Sunday, January 25, 2009

a poem to read then forget

This is probably the first of many posts about memory. It is fascinating to me - the biology, the philosophy, the poetic, social and cultural aspects. It's not surprising to me I've ended up working with people with dementia. Until a couple years ago, I could not comprehend how people forgot things. I mean I've always been somewhat absent-minded as far as short-term memory goes, but I never had forgotten something once reminded. I would be with someone and remind them of something we'd done before and they would draw a blank. I guess I didn't have much empathy for that - you were THERE, you were forming memories - WHERE did they go in your head?

Then, a few years ago I must have hit maximum capacity. I couldn't always place myself in others' stories of me. Alarmingly, sometimes I couldn't remember if something was a story I heard or something that happened to me. Sometimes I wasn't sure if I had said something out loud or just thought it. Now I realize that these are 'normal' things that make up our human experience and aren't (hopefully!) indicative of early dementia or mental illness. It's also allowed me to be more associative and a bit more creative - and not critical anymore of those who occasionally forget. So I've joined the multitudes whose identity is a constellation of shifting and disappearing memories, and who are occasionally mysteries to themselves. This poem, to me, is about that bittersweet, beautiful experience:

Billy Collins

The name of the author is the first to go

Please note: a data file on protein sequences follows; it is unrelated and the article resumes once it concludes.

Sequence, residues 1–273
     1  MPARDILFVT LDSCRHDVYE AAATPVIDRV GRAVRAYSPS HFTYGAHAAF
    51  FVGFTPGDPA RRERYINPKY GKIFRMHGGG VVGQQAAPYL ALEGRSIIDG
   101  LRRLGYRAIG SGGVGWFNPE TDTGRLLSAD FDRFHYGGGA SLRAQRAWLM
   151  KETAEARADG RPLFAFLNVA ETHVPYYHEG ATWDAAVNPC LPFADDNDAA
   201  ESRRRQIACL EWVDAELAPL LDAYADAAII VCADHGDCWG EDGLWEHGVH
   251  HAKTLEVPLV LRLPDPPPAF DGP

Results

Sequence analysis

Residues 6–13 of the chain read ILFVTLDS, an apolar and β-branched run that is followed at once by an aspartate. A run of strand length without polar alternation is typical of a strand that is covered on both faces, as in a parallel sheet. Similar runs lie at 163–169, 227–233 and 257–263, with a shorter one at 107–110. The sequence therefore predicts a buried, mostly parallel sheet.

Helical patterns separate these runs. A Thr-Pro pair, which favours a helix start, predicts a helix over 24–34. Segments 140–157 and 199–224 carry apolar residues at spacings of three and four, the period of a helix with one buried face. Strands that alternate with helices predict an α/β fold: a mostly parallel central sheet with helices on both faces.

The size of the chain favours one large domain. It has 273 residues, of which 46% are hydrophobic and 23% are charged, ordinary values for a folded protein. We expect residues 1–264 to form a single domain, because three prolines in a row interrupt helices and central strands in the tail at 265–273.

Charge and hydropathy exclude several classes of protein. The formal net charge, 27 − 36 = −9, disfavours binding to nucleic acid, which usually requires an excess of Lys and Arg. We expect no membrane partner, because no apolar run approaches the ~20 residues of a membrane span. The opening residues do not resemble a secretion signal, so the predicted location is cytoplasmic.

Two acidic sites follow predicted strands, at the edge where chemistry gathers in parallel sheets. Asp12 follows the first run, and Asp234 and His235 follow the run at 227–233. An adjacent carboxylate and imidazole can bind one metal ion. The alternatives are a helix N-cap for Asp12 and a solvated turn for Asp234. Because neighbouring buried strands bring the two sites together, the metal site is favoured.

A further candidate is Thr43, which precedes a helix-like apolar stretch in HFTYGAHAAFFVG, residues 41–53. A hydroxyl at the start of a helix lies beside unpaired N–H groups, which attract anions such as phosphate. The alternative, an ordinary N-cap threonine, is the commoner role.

followed obediently by the title, the plot,
the heartbreaking conclusion, the entire novel
which suddenly becomes one you have never read,
never even heard of,
as if, one by one, the memories you used to harbor
decided to retire to the southern hemisphere of the brain,
to a little fishing village where there are no phones.
Long ago you kissed the names of the nine Muses goodbye
and watched the quadratic equation pack its bag,
and even now as you memorize the order of the planets,
something else is slipping away, a state flower perhaps,
the address of an uncle, the capital of Paraguay.
Whatever it is you are struggling to remember
it is not poised on the tip of your tongue,
not even lurking in some obscure corner of your spleen.
It has floated away down a dark mythological river
whose name begins with an L as far as you can recall,
well on your own way to oblivion where you will join those
who have even forgotten how to swim and how to ride a bicycle.
No wonder you rise in the middle of the night
to look up the date of a famous battle in a book on war.
No wonder the moon in the window seems to have drifted
out of a love poem that you used to know by heart.

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